The driver of these acts of war and even the Nord Stream act of terrorism – conveniently carried out under the guise of war – is an economic model that is addicted to promoting consumption-driven growth, not just of fossil fuels, but of all resources. It is managed by elites who are ideologically captive to outdated notions about growth, prosperity, and wealth accumulation, and even believe in their own exceptionalism. They are thus incapable of subscribing, for want of a better phrase, to a new consciousness of living within limits. This consciousness can be described as an acute state of global awareness that allows us to recognise that human progress should no longer be constantly accompanied by resource competition to pursue growth at all costs, but should instead be defined by the ability to create commercial and social value without damaging the fabric of society.
Ultimately, it is limiting to discuss wars and rising tensions without also critically examining the underlying economic systems that leverage these brutal competitions for access to resources. Just as importantly, these economic conditions allow the secretive, powerful, and predatory military-industrial complex to flourish, which in turn helps to cause and prolong the wars of which it is a part.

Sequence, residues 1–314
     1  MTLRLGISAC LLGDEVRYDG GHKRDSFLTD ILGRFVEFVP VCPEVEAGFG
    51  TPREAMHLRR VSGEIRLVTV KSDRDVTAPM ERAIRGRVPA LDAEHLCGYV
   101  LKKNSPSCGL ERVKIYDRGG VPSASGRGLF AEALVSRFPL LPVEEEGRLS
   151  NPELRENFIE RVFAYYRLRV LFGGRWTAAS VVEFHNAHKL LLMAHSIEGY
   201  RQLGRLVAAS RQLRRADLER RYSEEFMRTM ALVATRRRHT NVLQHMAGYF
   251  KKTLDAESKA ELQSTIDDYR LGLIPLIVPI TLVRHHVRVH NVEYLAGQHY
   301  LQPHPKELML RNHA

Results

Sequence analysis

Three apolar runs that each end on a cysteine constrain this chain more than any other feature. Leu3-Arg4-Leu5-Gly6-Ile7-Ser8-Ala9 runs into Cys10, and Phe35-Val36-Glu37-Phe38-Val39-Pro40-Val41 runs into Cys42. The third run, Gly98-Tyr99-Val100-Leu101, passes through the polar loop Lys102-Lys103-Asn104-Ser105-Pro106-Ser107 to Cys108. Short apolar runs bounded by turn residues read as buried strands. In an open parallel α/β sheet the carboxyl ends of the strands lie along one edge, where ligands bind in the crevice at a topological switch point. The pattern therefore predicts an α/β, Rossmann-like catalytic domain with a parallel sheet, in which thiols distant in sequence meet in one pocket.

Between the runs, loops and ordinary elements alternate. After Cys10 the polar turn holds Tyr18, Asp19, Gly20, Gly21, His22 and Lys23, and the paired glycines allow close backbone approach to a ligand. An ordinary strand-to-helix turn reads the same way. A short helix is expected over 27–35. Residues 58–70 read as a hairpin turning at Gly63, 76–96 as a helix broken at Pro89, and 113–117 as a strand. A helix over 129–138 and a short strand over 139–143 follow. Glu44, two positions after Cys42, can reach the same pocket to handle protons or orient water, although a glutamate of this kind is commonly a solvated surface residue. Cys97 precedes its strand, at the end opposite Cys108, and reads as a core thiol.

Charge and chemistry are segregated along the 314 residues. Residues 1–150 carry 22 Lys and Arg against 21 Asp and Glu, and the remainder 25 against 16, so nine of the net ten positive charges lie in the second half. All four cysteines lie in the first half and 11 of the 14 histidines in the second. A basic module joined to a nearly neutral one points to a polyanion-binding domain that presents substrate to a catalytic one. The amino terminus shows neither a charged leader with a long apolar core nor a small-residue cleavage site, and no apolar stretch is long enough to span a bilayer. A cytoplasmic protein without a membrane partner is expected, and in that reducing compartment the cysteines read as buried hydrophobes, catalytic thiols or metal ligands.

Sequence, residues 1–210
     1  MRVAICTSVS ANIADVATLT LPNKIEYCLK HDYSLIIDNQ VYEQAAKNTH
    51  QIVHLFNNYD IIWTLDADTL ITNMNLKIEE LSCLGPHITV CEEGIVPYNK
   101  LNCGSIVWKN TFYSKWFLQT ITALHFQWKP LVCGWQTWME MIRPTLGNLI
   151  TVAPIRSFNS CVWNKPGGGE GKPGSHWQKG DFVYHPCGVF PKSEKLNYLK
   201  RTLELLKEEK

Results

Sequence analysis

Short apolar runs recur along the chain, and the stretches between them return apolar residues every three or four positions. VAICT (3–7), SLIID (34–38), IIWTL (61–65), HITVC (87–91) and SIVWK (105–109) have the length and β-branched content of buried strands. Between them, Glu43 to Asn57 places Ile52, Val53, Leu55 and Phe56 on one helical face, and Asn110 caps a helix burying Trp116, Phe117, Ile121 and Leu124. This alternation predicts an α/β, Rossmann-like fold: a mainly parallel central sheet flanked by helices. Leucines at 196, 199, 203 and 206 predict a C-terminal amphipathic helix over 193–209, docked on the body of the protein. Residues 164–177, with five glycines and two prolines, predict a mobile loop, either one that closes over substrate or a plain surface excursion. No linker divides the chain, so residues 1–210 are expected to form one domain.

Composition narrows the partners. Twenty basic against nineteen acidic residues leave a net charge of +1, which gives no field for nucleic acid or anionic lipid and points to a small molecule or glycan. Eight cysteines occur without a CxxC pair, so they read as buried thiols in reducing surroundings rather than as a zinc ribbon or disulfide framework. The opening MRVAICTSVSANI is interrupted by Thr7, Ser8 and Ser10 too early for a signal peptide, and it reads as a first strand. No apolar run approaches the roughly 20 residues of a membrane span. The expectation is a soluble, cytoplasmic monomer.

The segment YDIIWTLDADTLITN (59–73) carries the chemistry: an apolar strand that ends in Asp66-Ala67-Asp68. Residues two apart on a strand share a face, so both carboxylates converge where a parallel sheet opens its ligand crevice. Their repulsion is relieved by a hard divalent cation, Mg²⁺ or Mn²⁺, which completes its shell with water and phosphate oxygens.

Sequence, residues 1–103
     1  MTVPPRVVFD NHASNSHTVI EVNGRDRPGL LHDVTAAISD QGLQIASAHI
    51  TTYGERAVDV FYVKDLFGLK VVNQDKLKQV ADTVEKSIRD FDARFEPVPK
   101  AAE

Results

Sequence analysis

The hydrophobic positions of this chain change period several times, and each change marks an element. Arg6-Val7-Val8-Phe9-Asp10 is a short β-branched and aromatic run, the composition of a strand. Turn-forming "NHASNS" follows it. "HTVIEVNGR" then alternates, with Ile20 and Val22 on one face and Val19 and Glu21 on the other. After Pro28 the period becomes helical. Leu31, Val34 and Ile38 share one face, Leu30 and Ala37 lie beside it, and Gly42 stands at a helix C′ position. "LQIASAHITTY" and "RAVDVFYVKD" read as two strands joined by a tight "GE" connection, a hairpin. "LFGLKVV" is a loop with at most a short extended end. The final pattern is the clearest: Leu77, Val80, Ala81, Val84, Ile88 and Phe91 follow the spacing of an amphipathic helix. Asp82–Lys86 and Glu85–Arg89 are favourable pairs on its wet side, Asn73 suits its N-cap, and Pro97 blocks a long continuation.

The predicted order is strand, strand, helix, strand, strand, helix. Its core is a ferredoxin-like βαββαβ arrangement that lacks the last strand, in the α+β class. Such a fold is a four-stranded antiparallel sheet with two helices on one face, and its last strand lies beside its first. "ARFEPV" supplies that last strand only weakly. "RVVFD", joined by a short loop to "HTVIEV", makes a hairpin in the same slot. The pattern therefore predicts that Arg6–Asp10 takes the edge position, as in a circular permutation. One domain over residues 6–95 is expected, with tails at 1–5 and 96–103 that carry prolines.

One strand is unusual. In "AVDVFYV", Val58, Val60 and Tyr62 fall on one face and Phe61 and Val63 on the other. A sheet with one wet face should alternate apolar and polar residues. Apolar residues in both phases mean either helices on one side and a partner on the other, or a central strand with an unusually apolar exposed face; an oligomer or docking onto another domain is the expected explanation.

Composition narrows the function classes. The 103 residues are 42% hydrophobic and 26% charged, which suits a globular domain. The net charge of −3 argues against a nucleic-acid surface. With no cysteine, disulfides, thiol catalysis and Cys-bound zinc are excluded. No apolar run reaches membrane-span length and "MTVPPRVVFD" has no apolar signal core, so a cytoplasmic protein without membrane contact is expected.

These same systems play out in the halls of power of governments across the world. On the one hand, there has been a rise in commitments to address existential threats like climate change and biodiversity loss: many leaders have been willing to sign agreements pledging to reduce carbon emissions and transition to renewable energy sources. On the other hand – as we have seen with Western powers over the last 30 years – governments have greenlit invasions and interventions that, at their core, are gambits for resource control and economic power expansion. Just look at Niger – the recent coup prompted a response from Emmanual Macron that speaks to the nation’s unwillingness to relinquish its colonial (and therefore, economic) foothold in the country. He vowed he would “not tolerate any attack against France and its interests”, and that retaliation would come “immediately and uncompromisingly”.